The group is rejecting the visit of Prince William and Kate scheduled for Tuesday, part of a larger trip to the Caribbean region that coincides with the 60th anniversary of Jamaica’s independence and the 70th anniversary of the coronation of Queen Elizabeth II.
“We see no reason to celebrate 70 years of the ascension of your grandmother to the British throne because her leadership, and that of her predecessors, have perpetuated the greatest human rights tragedy in the history of humankind,” read a letter published Sunday ahead of the couple’s visit and signed by 100 Jamaican leaders.
The weeklong royal tour of Central America and the Caribbean that began on Saturday was taken at the behest of the queen, who is William’s grandmother. The trip aims to strengthen Britain’s ties with Commonwealth countries, but it’s off to a rocky start and comes as some countries consider cutting ties to the monarchy like the eastern Caribbean island of Barbados did in November.
Local opposition forced the royal couple to cancel a visit to a cacao farm in Belize that was planned for Saturday, while the upcoming trip to Jamaica has angered some who say they are still waiting for an apology and slavery reparations.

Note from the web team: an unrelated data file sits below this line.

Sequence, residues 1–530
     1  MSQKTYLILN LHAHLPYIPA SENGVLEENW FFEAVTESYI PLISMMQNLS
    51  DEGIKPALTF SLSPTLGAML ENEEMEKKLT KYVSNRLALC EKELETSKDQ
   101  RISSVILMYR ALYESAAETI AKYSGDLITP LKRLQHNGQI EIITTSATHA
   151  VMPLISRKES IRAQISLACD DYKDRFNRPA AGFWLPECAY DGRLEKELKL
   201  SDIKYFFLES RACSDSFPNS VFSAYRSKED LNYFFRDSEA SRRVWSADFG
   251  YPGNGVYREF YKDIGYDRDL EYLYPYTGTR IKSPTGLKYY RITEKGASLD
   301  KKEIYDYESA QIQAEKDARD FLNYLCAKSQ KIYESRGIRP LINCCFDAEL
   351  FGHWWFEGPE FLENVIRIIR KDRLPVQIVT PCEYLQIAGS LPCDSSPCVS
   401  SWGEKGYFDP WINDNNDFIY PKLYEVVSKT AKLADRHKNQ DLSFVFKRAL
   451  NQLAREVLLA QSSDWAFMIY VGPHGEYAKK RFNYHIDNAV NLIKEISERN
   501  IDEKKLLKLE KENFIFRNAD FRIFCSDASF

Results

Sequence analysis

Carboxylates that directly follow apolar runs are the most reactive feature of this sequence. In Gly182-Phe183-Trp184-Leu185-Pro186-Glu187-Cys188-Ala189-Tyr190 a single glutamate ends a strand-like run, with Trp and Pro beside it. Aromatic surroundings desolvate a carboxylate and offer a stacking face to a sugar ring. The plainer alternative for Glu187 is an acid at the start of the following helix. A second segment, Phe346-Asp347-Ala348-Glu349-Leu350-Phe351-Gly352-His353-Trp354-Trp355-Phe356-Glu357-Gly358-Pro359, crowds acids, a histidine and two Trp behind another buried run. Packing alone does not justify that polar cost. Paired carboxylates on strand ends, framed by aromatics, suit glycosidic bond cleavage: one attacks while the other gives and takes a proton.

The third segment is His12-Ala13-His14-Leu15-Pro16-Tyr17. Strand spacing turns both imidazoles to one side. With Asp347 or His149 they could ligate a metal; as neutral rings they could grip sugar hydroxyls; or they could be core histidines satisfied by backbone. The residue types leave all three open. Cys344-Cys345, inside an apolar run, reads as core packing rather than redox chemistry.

Jamaica lawmaker Mike Henry, who has long led an effort to obtain reparations that he estimates at more than 7 billion pounds, told The Associated Press in a phone interview that an apology is only the first step for what he described as “abuse of human life and labor.”
“An apology really admits that there is some guilt,” he said.
Hundreds of thousands of African slaves toiled in Jamaica under more than 300 years of British rule and faced brutal conditions. There were numerous bloody rebellions, with one woman called “Queen Nanny” leading a group of formerly enslaved Africans known as Jamaican Maroons whose guerrilla warfare became renown and battered British forces. “Queen Nanny” remains the sole female of Jamaica’s eight national heroes.
During their two-day stay in Jamaica, Prince William and Kate are expected to celebrate Bob Marley’s legacy, a move that also has riled some Jamaicans.
“As a Rastafarian, Bob Marley embodied advocacy and is recognized globally for the principles of human rights, equality, reparations and repatriation,” stated the letter of those demanding an apology.
The group said that it would be celebrating 60 years of freedom from Britain, adding that it is saddened “that more progress has not been made given the burden of our colonial inheritance. We nonetheless celebrate the many achievements of great Jamaicans who rejected negative, colonial self-concepts and who self-confidently succeeded against tremendous odds. We will also remember and celebrate our freedom fighters.”